Emotional Quotient (EQ) versus Intelligence Quotient (IQ)
An Intelligence Quotient (IQ) measures a person’s intelligence. IQ involves measuring the brain and its capabilities with things like math and logic. A person’s IQ can be developed over time. Think back to when you started elementary school. How much intelligence did you have? Now think about today. How much do you think your IQ has developed over the years? IQ is also thought of as a way to measure a person’s level of potential ability.
People with a high IQ tend to excel at problem solving. They can often figure out the best solution to highly complex situations. A person who has a high IQ has a high level of knowledge gained throughout their career and has a wide range of skills. Organizations, in the past, have tended to gravitate towards people with a high IQ, high levels of experience and qualifications ensuring successful leadership and management. However, we now know today that having a high IQ is not absolute. Leaders and managers must also have emotional intelligence (EI), which is measured by an emotional quotient (EQ).
Keep in mind that IQ is a measurement tool of intelligence while EQ is a measurement tool of emotional intelligence, or EI. Emotional intelligence is the skill and ability to recognize one’s own emotions, the impact of those emotions on others, and empathy – being able to identify and understand the emotions of another person. Measuring a person’s EI means to measure their ability to control their emotions.
People positively react to and follow those with high EI. It’s an important skill that can be learned and with practice can become second nature. Self-managing one’s own emotions, thoughts, and actions are a part of EI. Having the ability to stay calm under pressure or during high-stress situations is a skill that should be developed to manage your emotions, as this provides better decision-making during these situations. Plus, others recognize this ability to manage during stressful times and will follow the person that can positively lead under pressure.
Empathy, an element of emotional intelligence, is the capacity to understand the perspectives and opinions of others. An empathetic person listens to seek understanding, not merely to respond. No one likes to be misunderstood, particularly in the workplace, thus an active attempt to understand someone helps you build a rapport with them. Further, if you truly understand another person’s perspective, you are better equipped to communicate effectively with them.
Self-awareness refers to modifying your behavior to interact successfully with others. It’s challenging to successfully interact with others if one is not aware of their actions, mannerisms, and communication styles and how it may impact others. Modifying behavior to interact successfully with others can only happen with careful reflection and awareness, which can help to reduce tension in the workplace.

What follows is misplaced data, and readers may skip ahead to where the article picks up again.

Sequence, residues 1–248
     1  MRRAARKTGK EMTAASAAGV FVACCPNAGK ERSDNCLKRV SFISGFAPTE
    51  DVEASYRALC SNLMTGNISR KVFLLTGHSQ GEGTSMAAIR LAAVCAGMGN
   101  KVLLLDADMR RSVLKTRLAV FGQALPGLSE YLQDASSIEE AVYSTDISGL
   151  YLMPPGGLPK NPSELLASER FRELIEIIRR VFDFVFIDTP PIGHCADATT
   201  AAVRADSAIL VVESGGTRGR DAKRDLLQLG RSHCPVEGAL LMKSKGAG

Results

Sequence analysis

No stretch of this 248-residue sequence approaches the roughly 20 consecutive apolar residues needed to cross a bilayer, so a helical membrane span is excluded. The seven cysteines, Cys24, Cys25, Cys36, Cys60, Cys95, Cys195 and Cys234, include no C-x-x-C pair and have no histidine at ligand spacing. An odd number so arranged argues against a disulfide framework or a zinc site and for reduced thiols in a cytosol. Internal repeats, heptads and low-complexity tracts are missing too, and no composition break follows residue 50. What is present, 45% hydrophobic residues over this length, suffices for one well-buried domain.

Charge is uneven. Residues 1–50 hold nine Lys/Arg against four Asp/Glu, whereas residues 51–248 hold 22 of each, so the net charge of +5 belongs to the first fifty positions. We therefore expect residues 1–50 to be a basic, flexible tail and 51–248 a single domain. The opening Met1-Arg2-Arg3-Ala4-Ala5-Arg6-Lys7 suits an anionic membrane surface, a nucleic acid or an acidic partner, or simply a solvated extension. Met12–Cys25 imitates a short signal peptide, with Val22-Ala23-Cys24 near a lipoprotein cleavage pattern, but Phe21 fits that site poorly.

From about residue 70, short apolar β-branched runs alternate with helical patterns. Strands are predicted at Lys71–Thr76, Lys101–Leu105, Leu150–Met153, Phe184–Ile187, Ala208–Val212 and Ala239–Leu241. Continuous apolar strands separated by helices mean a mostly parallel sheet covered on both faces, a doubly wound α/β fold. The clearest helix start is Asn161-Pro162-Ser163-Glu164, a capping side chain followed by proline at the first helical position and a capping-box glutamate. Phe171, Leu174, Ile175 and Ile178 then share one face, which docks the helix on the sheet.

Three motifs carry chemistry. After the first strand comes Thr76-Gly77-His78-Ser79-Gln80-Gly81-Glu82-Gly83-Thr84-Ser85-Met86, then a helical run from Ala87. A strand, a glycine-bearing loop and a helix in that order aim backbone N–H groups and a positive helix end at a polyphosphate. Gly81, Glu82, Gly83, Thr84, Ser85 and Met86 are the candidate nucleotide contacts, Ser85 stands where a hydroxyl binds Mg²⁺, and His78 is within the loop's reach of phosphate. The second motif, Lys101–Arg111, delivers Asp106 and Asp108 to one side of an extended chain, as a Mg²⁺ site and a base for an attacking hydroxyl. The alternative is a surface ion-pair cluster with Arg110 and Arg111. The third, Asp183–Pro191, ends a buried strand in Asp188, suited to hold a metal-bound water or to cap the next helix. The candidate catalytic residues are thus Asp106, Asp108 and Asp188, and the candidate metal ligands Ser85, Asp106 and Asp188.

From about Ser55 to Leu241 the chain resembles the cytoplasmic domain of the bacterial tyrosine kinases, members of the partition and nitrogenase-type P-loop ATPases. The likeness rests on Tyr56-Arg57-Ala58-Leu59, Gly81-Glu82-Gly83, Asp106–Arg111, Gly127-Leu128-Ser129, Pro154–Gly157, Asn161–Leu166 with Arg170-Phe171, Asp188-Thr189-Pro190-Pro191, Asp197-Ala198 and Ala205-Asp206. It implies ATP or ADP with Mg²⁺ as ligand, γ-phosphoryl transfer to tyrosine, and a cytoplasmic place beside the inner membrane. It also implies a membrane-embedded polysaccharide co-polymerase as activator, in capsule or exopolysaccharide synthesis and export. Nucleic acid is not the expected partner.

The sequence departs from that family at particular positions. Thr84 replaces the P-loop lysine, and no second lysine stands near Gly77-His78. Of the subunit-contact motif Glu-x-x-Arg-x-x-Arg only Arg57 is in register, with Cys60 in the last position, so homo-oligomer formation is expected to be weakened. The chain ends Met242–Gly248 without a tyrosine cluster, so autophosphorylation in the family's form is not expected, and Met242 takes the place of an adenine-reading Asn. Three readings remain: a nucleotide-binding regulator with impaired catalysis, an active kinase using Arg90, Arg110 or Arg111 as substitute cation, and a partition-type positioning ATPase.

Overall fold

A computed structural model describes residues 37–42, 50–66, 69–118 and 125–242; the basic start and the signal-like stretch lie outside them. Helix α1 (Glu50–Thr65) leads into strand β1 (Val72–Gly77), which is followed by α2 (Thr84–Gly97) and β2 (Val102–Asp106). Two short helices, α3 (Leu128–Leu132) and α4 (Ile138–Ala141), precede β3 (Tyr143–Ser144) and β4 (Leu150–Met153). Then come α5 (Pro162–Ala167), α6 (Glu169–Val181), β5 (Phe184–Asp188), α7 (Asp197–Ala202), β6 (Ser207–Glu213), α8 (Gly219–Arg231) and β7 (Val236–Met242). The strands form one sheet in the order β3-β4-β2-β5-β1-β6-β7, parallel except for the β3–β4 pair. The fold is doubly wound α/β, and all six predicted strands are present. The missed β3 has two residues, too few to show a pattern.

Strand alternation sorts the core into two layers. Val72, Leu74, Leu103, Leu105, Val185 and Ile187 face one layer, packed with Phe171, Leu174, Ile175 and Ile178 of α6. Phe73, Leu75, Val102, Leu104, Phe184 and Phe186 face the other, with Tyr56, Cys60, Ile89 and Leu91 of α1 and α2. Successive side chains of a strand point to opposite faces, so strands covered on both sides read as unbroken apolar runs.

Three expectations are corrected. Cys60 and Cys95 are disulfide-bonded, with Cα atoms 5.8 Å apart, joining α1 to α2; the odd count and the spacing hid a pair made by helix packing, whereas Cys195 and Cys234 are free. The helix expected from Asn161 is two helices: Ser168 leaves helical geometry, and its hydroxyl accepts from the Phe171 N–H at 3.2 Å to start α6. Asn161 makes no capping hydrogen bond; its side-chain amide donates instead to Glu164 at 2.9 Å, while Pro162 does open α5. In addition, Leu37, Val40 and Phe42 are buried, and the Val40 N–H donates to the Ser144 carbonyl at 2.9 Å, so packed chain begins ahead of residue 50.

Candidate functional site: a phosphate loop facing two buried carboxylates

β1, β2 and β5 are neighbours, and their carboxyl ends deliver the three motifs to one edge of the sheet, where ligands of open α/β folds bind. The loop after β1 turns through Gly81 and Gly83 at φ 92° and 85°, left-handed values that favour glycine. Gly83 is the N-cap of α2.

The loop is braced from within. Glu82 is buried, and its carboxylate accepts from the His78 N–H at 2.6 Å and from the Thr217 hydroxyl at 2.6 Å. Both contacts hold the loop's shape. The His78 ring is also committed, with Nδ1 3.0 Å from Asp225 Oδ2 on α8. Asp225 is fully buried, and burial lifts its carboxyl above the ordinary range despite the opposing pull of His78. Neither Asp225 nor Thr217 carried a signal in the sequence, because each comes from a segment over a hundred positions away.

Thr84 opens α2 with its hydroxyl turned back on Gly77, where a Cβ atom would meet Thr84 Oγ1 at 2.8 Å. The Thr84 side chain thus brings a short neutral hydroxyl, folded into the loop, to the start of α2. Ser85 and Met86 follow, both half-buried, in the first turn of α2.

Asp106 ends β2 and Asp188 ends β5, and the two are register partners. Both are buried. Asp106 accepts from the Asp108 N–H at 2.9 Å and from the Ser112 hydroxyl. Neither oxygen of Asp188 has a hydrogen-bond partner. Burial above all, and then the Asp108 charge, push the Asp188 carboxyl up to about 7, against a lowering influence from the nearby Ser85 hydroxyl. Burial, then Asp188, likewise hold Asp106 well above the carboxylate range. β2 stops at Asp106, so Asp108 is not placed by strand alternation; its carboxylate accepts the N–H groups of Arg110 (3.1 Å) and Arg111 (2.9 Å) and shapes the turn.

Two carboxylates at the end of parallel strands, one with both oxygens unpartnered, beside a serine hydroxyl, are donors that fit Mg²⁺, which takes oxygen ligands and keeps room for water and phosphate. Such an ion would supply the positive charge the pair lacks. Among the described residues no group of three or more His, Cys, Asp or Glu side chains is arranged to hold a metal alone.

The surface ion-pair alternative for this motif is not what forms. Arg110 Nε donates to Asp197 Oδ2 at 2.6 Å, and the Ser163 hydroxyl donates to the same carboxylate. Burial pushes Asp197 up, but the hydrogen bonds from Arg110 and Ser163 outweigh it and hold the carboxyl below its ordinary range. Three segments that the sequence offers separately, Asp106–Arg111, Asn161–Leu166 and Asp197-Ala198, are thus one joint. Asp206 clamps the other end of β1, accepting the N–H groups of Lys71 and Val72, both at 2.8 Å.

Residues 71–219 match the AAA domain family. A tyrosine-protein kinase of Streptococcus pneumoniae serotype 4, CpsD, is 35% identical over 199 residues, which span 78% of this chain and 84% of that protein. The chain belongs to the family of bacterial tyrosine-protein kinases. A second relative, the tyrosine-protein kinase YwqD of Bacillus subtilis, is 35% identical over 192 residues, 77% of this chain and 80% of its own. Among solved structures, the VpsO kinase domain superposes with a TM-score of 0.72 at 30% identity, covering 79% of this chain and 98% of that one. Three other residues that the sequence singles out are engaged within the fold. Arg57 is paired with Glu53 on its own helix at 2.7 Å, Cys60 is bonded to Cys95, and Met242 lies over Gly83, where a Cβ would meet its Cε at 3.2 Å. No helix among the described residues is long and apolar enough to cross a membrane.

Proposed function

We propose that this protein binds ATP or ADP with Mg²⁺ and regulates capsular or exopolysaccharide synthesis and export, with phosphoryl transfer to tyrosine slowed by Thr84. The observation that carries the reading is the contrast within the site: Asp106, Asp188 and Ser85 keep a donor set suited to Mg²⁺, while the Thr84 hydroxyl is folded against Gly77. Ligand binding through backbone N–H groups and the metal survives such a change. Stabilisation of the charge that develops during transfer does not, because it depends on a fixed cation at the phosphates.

Another way to define emotional intelligence is that it is the ability of an individual to recognize their own emotions as well as the emotions of others (hence emotional intelligence). Further, it entails being able to distinguish between different feelings and to use emotional information effectively to guide thinking and behavior. Part of emotional intelligence includes the ability to self-assess and incorporate this self-assessment into your awareness of emotions – are you aware of your feelings as well as those of others? Do you know what those feelings mean and what the basis is for those feelings? Understanding the answers to these questions enables a person to tap into positive feelings to lead effectively. Further, it aids an individual to recognize negative emotions and establish an appropriate strategy to handle those feelings. This skill becomes the basis for developing competency in situational awareness and can be powerful for leading.
EQ and IQ in the Workplace
While there has been debate as to which is more important in the workplace, EQ or IQ, it is undeniable that EQ is a key element that distinguishes exceptional performers from those less than outstanding. TalentSmart (Schweitzer, 2015) found EQ to be the strongest predictor of work performance with 58% of success in all fields contributed to EQ. When thinking about it, EQ involves the ability of social awareness and relationship management and this means being able to handle workplace relationships well. It also infers having the ability to work well with others in the workplace, which involves being able to lead others and manage teams.
When hiring for a position, it is essential to know what skills are most important and when “people skills” count the most. When you think about brilliant people with a high IQ, but have a low EQ they are often awkward when it comes to working with people. However, put them in a think tank, and they will make the earth move. Each job has different aspects, which will determine whether a strong leader, a strong manager, or a strong physical person is selected for the job.